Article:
One could make a case even for a few cent raise even if EPS and FCF are experiencing a dip, but constantly doing this can and has got many companies in trouble in the past.
The yield is average at 2.39%.
The company trades at 13.76 times TTM earnings. Projections on my screen for next years' earnings are $4.34 although the company projects $3.85 to $4.15 so those likely will be adjusted downward. This puts the future PE somewhere between 13.36 and 14.4.
The question is where or not this valuation is low enough to justify buying a very cyclical company with unpredictable earnings here. It is definitely much lower than the market but that multiple may be deserved. In addition, the yield does not offer much support as it would at 4-6%, although the payout ratio is very low.
Overall I think Crane Co. is an interesting opportunity for investors who are struggling to find anything to buy at sane prices in the current environment, but the cyclical nature of the company and conservative dividend policy may turn some off.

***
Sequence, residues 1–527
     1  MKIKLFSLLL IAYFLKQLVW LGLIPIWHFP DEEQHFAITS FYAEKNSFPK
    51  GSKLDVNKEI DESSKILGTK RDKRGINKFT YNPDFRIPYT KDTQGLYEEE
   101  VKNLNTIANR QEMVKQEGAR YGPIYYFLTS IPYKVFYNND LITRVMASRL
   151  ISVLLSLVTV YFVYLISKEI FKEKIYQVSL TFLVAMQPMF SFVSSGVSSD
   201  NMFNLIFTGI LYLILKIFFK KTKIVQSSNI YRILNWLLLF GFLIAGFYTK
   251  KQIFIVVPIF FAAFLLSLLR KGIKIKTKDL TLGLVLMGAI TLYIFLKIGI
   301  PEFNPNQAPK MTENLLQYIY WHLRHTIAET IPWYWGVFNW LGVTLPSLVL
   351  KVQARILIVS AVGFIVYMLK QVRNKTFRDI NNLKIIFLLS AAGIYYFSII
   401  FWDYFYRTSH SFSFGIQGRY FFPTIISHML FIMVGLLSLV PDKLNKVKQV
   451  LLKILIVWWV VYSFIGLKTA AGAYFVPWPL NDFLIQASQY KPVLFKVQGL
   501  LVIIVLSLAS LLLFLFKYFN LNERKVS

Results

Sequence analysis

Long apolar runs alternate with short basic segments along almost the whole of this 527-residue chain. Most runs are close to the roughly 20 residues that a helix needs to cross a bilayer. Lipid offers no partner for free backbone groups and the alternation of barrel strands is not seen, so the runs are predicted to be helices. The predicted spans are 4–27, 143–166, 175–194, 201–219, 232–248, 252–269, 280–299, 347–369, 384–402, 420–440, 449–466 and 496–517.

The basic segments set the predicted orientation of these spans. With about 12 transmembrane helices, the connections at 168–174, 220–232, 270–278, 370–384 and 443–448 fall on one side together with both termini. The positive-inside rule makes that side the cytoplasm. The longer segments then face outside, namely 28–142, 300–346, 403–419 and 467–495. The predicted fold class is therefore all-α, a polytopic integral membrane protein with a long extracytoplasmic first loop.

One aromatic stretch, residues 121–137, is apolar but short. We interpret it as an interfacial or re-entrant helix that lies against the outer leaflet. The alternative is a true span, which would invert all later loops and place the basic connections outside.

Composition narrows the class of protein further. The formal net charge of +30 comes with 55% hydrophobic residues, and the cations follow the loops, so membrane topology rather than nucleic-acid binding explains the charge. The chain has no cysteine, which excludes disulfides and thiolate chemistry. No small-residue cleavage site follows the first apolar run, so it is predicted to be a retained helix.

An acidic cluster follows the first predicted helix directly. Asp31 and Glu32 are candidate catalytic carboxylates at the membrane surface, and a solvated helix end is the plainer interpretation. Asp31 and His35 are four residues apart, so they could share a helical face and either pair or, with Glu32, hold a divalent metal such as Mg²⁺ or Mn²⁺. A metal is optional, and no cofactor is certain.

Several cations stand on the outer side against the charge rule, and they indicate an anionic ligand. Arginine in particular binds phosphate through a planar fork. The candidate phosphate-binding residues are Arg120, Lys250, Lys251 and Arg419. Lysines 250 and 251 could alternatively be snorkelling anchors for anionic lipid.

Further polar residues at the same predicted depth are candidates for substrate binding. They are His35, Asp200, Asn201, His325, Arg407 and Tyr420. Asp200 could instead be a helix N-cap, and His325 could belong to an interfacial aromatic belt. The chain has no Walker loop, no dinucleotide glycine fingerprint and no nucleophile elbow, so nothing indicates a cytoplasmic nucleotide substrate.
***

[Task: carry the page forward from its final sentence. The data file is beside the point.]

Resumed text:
Steelcase (NYSE:SCS) is the world's largest manufacturer of office furniture, but also makes furniture for healthcare, education, retail, and other settings.
The company looks very, very cheap on a statistical basis with a TTM PE of 11.08 against an average 5 year PE of 27.76 and a industry average PE of 31.13 for Commercial Services & Supplies. Price to sales is 0.60.
The company has struggled to grow sales in recent years. Sales the last 5 years were $2.75b, $2.869b, $2.989b, $3.060b, and $3.060b in 2015. EPS grew at a much faster rate and almost tripled since 2011.
The balance sheet looks strong with long term debt of $297m compared to $266m cash on hand at the end of 2015.
Steelcase has impressive dividend metrics on the surface. Payout ratio of 35.29%, 5 year growth of 14.87%.
The company did cut their dividend substantially during the Great Recession but it has been growing back like a weed since.
The large drop after the Q4 2015 results can be seen in the stock's chart.
Vince Martin has a great article where he goes into the troubles the company has faced in the Europe segment with some production and inventory issues, as well as losing out on some order growth to competitors like Herman Miller.